Bath move helping Cyprus swimmer Thomas Tsiopanis make a splash on world stage

10 June 2015

Cypriot swimmer Thomas Tsiopanis believes his move to the University of Bath has provided him with the perfect springboard to compete at the highest level.

Tsiopanis – who celebrates his 22nd birthday on Wednesday – left his homeland in September to begin a Sports Performance degree course and train with head swimming coach Mark Skimming’s performance group.

He made the switch on the advice of compatriots Anastasia Christoforou and Omiros Zagkas, two Bath graduates who raved about the facilities at the Sports Training Village.

And it is already paying dividends, with Tsiopanis being selected to represent Cyprus at next month’s World University Games in Gwangju, South Korea.

He is one of five University of Bath students preparing for the Games, with fellow swimmer Jay Lelliott, badminton player Angus Pedersen, pistol shooter Kristian Callaghan and tennis ace Alex Walker all in the British squad.

“I knew that the University of Bath was excellent in terms of training – it has become famous in Cyprus because of Anastasia and Omiros,” said Tsiopanis.

“I spoke to them and they told me about the brilliant facilities, so I knew I was going to find something good here.

“The new swimming pool is amazing, nothing compared to what we have in Cyprus. We do have some 50m pools but they are all outdoors, so it is cold in winter and very hot in summer.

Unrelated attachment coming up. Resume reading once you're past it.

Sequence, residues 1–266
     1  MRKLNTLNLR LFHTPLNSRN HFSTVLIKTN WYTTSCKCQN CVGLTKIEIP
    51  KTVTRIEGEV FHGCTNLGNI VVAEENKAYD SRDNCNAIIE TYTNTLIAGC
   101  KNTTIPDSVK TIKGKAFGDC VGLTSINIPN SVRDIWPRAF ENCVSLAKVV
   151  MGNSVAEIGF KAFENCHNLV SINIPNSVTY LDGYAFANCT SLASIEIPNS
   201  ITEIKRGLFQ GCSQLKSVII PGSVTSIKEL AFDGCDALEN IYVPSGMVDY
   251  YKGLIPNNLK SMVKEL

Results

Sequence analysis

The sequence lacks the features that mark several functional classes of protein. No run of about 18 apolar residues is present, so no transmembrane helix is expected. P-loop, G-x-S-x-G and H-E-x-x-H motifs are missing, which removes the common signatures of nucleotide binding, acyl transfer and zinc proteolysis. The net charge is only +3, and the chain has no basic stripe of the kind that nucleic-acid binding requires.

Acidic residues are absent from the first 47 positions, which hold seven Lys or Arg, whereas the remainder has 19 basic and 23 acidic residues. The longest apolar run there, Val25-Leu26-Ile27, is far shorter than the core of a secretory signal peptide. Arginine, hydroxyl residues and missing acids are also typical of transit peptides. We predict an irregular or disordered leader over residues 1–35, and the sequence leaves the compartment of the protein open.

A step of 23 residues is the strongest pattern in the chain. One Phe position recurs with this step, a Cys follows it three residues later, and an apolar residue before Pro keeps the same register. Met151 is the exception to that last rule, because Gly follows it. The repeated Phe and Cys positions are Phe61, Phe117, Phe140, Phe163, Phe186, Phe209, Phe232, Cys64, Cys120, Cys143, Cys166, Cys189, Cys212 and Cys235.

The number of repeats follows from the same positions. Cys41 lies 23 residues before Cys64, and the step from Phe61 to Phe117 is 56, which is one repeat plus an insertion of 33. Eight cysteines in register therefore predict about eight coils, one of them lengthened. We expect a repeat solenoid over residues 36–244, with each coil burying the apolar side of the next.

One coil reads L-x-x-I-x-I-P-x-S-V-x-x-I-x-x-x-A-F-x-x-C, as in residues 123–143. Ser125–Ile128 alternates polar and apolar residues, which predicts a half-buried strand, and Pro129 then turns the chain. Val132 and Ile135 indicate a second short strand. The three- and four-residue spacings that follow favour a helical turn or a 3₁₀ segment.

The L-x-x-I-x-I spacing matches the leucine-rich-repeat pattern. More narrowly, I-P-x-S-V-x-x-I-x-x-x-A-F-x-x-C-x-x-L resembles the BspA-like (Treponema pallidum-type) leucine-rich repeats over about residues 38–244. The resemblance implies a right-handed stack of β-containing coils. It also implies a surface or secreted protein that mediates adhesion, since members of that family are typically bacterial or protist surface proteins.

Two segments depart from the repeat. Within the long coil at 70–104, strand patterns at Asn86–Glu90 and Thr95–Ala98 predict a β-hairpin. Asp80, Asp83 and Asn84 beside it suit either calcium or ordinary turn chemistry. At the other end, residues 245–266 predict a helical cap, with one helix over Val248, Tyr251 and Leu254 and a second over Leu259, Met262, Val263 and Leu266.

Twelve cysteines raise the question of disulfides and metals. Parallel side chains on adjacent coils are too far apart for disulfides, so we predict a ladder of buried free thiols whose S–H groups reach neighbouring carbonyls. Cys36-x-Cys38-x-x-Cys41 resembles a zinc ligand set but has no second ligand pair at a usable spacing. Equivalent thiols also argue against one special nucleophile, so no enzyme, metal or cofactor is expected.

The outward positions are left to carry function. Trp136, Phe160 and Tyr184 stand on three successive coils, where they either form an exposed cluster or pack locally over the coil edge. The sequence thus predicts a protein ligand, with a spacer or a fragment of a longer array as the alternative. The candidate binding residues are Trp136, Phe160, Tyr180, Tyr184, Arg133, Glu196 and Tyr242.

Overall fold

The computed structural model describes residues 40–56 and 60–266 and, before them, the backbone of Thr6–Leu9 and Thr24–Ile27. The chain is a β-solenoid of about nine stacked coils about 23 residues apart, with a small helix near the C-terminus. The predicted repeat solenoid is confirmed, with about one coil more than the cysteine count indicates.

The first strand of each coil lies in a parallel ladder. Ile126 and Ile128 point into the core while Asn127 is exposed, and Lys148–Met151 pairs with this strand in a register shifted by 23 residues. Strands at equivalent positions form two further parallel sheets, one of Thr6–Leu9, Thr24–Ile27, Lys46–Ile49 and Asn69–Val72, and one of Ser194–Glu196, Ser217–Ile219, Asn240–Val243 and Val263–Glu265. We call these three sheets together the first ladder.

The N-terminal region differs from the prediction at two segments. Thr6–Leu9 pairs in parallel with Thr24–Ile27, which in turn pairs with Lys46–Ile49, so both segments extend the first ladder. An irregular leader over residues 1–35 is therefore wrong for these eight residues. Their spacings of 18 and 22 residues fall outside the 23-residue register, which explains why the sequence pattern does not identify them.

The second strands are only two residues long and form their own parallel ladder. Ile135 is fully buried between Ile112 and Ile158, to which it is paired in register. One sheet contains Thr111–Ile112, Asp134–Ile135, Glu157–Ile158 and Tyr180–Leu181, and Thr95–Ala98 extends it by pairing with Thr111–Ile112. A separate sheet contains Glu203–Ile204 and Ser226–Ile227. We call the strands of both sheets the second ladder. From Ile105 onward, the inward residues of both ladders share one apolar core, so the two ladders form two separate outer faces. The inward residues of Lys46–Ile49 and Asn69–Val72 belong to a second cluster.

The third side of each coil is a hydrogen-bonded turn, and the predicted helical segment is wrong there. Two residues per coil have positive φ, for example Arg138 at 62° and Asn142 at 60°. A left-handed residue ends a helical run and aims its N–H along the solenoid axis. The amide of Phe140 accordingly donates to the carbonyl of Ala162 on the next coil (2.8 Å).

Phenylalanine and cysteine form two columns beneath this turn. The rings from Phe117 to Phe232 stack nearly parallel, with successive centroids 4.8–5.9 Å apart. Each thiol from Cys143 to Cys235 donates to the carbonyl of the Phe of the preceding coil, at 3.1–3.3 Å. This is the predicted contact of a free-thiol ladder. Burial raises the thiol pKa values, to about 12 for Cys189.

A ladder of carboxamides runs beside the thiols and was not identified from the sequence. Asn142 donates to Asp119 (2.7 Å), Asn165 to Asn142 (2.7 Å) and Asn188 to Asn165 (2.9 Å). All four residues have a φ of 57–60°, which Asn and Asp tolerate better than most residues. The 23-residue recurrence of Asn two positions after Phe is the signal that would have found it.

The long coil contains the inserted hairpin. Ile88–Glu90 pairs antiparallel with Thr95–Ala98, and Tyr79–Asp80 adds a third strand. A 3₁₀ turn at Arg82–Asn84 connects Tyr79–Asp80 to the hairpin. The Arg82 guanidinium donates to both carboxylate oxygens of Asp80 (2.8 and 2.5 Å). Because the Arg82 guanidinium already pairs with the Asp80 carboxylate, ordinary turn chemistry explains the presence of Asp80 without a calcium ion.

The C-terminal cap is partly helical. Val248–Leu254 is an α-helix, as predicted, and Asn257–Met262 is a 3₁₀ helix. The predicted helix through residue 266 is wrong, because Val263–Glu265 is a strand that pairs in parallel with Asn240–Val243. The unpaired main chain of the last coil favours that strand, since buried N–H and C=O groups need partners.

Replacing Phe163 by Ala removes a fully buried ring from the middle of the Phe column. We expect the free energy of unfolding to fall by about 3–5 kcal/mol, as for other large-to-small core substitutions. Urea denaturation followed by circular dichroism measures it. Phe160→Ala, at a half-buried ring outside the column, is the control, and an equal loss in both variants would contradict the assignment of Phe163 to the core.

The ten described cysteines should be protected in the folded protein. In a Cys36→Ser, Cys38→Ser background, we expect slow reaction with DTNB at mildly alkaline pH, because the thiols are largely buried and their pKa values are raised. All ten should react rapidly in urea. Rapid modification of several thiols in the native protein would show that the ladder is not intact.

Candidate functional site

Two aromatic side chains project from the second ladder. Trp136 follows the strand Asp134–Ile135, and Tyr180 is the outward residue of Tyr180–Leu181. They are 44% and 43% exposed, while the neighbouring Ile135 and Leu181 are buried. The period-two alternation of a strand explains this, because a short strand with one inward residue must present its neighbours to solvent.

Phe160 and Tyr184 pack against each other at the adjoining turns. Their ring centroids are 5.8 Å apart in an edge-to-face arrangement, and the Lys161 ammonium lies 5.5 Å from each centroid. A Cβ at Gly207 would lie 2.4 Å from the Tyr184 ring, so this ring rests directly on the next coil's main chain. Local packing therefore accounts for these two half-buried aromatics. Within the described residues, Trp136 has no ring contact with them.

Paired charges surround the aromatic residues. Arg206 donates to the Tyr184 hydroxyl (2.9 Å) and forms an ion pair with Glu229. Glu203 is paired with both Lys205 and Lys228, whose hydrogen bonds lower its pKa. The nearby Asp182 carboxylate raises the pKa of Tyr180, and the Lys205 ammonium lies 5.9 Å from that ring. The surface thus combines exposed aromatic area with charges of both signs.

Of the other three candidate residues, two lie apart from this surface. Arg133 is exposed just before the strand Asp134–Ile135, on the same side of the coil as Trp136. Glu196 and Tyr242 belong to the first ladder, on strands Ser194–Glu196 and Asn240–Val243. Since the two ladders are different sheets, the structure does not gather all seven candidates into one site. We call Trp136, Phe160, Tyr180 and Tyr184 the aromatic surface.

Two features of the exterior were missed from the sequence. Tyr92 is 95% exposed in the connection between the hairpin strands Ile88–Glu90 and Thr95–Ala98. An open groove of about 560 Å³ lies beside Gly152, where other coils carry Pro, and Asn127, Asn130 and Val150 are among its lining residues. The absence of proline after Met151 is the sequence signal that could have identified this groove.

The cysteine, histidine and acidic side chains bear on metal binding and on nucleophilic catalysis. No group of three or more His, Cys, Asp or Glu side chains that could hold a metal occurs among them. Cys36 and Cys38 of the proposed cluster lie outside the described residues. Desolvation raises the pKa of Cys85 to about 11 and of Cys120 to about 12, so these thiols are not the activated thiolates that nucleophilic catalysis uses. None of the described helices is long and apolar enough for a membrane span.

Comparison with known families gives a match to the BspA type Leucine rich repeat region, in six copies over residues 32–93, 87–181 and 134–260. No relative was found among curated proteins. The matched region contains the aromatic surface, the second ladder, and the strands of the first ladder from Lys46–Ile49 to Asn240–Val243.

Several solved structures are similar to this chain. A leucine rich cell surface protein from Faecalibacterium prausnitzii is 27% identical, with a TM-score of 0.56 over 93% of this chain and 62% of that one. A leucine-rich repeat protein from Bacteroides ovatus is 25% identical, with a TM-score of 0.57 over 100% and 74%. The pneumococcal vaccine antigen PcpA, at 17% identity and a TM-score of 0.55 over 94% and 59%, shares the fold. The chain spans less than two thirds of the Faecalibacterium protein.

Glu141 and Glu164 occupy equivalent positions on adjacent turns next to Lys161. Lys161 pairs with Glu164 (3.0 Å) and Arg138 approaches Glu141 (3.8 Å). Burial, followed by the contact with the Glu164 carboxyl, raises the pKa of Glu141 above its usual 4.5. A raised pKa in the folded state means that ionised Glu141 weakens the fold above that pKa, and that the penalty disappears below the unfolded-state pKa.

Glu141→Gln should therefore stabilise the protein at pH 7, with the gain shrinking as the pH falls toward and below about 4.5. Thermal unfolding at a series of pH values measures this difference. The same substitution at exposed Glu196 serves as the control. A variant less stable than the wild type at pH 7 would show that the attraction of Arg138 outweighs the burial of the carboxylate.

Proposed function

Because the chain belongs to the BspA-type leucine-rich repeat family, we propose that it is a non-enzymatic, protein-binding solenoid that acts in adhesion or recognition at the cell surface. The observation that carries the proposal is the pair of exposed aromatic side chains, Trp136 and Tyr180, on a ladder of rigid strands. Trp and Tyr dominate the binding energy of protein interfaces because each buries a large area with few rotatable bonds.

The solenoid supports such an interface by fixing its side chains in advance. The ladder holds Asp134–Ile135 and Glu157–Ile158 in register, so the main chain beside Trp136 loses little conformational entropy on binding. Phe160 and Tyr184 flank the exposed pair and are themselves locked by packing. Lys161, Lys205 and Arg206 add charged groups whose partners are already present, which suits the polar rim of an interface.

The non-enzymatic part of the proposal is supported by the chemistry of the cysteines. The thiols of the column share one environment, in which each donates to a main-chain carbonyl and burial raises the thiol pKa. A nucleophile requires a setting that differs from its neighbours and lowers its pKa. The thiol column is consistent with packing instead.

“I’d never been to the UK before but I wanted to have better facilities and an environment where I can develop my performance. I’ve definitely noticed an improvement since coming here.

“I know I’m unlikely to get a medal at the World University Games but it is going to be a great experience. I just want to improve my performance, get new PBs and see what happens from there.

“Cyprus is a small nation and being able to compete at those events is very important. In the future, I want to represent my country as much as possible worldwide.”

Tsiopanis had the opportunity to do just that last week when he competed in the 16th Games of the Small States of Europe in Reykjavik, Iceland.

He reached four finals and set a new national record of 2:08.00 while finishing fifth in the 200m individual medley. He matched that position in the 200m breaststroke and was just one place outside the medals in the 400m IM.

“I wanted to get a medal but my times were good, all around PBs, so it was alright,” said Tsiopanis, who also competed at the 2013 Small State Games.

The World University Games – the second biggest multi-sport event after the Olympic Games – take place from July 3-14.

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